A watercolor by Arthur Wesley Dow shows the Glazier-Sweet house on the left.
This article is by John Fiske, chairman of the Ipswich Historical Commission.
We have a dear friend who has moved three or four times since we’ve known her. And each time, she and her husband have bought or built a new house. As she said to us once, “I can’t stand the thought of living in a house that someone else has lived in.” At the very least, that proves that friendship can survive extreme differences of taste.
I love the fact that our house is fast approaching its 300th birthday and that the lives of many local families are now silently embedded in it. It is more than a human habitation, it’s a sign of human continuity. But the family that touches me most closely never lived in this house at all. They lived on the same lot, but in a house that was torn down to make way for this one in about 1725. I suspect we share the same field stone cellar, but that, apart from the river, is all that we do have in common.
I just came across an old book by Alice Keenan, an enthusiastic local historian who was working about 70 years ago. And of course, I was delighted to find that it contained a photograph of our house taken in 1894. We already own an 1891 ink wash of the house by the celebrated Ipswich artist Arthur Wesley Dow (I’d come across it in a small local auction and was the only bidder. How often does that happen in these days of the Internet!) The photo and the painting of our house when it was not yet 200 years old – – each enriches the other and I love seeing our house as others saw it more than a century ago.
But Alice, like me, was fascinated by the Clarkes, the seventeenth- century family who lived in the earlier house. A couple of years ago in this column, I told you the story of Lisa finding a silver mounted cane in a nearby antiques shop. The silver band was engraved “George Clarke, 1697,” and of course she bought it and brought it home to the very spot, if not the actual house, where its owner had lived. It’s a treasured possession – how many objects can you think of that are in exactly the same place in 2013 as they were in 1697?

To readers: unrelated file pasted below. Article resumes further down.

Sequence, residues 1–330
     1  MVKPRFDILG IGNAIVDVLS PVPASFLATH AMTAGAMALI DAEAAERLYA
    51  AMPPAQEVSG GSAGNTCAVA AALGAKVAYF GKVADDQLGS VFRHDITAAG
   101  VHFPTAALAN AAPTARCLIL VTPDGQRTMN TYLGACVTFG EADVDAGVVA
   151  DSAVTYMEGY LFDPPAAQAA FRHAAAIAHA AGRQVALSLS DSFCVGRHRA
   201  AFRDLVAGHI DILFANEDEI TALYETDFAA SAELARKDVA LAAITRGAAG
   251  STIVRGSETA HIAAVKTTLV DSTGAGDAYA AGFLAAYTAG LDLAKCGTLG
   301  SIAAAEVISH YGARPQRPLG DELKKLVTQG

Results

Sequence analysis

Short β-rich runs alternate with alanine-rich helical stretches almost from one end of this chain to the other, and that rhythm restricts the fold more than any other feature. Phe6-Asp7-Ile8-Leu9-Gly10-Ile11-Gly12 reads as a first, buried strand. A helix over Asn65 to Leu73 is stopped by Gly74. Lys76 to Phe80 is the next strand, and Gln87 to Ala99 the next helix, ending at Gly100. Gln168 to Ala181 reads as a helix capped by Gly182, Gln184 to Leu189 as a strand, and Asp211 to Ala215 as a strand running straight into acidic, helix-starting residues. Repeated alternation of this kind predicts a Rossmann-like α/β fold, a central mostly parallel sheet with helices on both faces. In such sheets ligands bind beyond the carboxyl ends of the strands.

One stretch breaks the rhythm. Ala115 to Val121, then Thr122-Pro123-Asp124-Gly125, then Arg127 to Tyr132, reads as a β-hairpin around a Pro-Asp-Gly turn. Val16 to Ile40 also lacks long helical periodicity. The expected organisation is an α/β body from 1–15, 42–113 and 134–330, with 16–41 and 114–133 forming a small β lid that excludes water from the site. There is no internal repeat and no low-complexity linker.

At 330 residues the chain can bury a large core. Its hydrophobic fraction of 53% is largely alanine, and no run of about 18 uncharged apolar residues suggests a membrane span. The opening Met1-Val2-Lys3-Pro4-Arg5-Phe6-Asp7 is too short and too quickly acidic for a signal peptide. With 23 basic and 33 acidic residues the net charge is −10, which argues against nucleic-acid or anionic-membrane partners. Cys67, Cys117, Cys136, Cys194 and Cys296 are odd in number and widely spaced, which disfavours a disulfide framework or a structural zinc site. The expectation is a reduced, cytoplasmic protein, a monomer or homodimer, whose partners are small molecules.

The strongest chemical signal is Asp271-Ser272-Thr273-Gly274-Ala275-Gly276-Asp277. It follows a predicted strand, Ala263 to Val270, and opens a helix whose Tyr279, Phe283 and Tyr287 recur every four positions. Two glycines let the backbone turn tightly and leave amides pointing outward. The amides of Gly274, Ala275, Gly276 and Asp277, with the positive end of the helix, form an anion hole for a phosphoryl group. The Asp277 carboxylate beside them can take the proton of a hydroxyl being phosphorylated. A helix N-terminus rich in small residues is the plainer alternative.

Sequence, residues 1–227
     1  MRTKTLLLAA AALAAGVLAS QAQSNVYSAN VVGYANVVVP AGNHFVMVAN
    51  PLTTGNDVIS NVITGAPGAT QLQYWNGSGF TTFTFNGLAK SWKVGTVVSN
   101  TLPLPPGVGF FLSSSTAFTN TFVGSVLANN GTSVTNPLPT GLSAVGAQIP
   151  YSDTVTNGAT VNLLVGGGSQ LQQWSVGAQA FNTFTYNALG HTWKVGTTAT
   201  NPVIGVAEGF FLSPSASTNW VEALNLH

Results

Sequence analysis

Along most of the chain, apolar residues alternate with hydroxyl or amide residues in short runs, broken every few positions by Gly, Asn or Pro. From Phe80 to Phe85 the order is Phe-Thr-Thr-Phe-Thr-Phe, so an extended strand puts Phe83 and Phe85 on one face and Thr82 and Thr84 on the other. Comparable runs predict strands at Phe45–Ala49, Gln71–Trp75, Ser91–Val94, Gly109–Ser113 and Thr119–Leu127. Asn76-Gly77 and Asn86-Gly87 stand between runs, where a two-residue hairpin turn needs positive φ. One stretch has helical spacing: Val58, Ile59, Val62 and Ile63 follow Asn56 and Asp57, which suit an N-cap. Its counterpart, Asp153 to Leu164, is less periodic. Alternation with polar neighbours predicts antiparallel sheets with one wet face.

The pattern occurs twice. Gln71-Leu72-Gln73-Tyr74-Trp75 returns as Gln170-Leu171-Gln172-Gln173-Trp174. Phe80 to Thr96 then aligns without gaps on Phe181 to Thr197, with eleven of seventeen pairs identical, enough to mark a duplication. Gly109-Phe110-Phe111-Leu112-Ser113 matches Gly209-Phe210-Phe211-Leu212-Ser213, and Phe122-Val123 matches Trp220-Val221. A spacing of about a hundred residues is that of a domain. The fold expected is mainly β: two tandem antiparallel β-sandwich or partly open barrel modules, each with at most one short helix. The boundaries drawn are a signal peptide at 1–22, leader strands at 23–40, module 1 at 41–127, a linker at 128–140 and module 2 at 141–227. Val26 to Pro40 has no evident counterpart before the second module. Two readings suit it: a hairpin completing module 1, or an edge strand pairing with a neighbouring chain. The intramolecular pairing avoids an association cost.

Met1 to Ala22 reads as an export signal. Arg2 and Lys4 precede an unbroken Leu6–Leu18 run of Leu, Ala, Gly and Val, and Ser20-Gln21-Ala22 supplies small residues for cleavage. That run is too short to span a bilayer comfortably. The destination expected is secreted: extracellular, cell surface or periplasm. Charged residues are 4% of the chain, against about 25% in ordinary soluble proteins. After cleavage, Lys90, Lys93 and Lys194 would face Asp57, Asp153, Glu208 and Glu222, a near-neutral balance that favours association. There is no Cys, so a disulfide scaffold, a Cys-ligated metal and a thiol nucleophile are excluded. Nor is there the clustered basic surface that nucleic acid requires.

A silver-mounted, ivory-handled cane was a pretty swanky thing in a small seventeenth-century town, so George must have been quite a personage. The Clarkes had made their money by tanning leather. The Town Record of Jan 11, 1640, tells us that “liberty was granted to Thomas Clarke…to sett down Tann fatts, at the end of the planting lot, upon two rods reserved by the river.” Within living memory, the area in front of our house was known to the older locals as “the old tann fatts.” A poetic and slightly mystifying name if you didn’t know about the tannery and that a fatt was a large vessel. Shakespeare knew: “In thy Fatts our Cares be Drowned,” he wrote.
A rod is five and a half yards, and the town had reserved a strip two rods wide all along the river bank as far as the town wharf, which means that Clarke was allowed to place his tann fatts on town land. When you remember that tanning fatts were filled with liquids whose origin you do not want to know, you have to wonder how well the townsfolk were served by Clarke’s “liberty.” But then, Thomas Clarke was one of the 12 men who settled Ipswich in 1633 – not that could possibly have had anything to do with his liberty to place huge fatts of boiling, stinking liquid in a public right of way. I’m just happy that they’re not there now – that’s one bit of the past I’m pleased to leave behind.
In 1642, the General Court of the Massachusetts Bay Colony ordered that tanners should not “sett their fatts in tan-hills or other places, where the woozes or leather which shall be put to any unkind heats, or shall put any leather in any hot or warm woozes etc.” You’ll need to read that three times to become as clear as I am, which is not at all. Wooze is a great word, but the only definition I could find was in the Urban Dictionary — “Wooze: a mixture of Weed and Booze.” Probably not what the General Court had in mind in 1642. Perhaps “woozes” were the unmentionable liquids heated in the fatts or, even more likely, their effects upon unfortunate passers-by.
The town’s reason for reserving the two rod strip of land along the river bank was not much clearer than the General Court’s regulation of woozes. It was “for the purpose of turning or tacking vessels or boats up and down the river or passing over the land for purpose.” I assume that that made perfect sense at the time, though I have to wonder about the danger of a tacking boat striking a tann fatt. Could have been nasty.
Tanners must have been a slippery bunch, because their business was closely regulated. In the same 1642 order, the Grand Court decreed that to “prevent deceit in tanning leather…No butcher, currier or shoemaker should be a tanner, not should any tanner be a butcher, currier or shoemaker.” I bet customers breathed huge sighs of relief at this early example of consumer protection.
Anyway, if the Supreme Court of Massachusetts has any concern today about what is currently going on in “the old tann fatts,” I can assure them that neither Lisa nor I has ever put anything into hot or warm woozes – whether we go by the 1640s’ or the 1960s’ use of the word.
An 1894 photograph, an 1891 painting, a 1697 cane, words from the 1640 Town Record and from a 1642 court ruling – all part of our house and the people who’ve lived in it and looked at it. No, I’m glad we didn’t build a brand new house when we moved to Ipswich.
◆ Antiques Journal ◆ September 2013 www.antiquesjournal.com